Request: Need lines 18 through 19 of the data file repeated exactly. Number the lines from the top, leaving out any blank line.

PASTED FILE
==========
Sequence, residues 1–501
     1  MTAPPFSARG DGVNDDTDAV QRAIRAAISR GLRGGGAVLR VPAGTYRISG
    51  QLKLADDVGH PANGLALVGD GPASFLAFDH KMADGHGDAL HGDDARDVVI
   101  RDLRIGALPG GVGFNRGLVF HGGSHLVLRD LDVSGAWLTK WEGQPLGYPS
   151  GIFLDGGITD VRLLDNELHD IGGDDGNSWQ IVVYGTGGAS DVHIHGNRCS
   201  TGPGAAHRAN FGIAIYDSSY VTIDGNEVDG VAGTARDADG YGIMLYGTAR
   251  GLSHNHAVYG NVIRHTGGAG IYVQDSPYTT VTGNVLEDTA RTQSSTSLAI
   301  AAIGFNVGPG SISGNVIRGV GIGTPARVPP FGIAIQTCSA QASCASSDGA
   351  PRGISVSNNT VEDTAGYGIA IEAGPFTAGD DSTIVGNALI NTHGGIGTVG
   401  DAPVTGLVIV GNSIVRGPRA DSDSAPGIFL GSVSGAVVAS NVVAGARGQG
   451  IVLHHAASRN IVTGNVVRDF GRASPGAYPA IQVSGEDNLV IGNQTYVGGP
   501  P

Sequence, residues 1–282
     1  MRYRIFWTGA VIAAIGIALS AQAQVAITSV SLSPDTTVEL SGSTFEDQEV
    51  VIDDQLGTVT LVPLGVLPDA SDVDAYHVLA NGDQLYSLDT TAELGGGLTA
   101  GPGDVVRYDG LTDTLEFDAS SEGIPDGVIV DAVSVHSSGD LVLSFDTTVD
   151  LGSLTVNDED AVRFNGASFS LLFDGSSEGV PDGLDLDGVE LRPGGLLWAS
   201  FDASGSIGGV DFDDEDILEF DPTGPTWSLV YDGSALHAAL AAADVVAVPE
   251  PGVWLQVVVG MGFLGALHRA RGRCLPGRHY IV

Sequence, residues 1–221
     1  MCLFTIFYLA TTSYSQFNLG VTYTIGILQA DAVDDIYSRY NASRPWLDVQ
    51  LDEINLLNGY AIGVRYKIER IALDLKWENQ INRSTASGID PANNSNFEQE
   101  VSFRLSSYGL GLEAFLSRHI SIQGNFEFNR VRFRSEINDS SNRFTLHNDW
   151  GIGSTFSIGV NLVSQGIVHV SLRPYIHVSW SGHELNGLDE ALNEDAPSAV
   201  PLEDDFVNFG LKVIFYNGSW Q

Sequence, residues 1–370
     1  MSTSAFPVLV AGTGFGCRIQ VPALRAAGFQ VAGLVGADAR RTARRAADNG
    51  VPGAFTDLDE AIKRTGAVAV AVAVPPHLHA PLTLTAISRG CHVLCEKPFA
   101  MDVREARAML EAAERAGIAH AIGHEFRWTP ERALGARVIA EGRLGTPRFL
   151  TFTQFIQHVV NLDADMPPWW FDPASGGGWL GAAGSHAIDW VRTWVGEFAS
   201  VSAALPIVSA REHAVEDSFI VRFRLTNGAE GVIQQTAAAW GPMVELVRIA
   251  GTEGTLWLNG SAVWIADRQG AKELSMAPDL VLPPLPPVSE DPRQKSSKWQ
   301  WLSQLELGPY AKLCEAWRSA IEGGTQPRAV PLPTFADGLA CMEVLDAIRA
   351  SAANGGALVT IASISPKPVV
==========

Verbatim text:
   201  FDASGSIGGV DFDDEDILEF DPTGPTWSLV YDGSALHAAL AAADVVAVPE
   251  PGVWLQVVVG MGFLGALHRA RGRCLPGRHY IV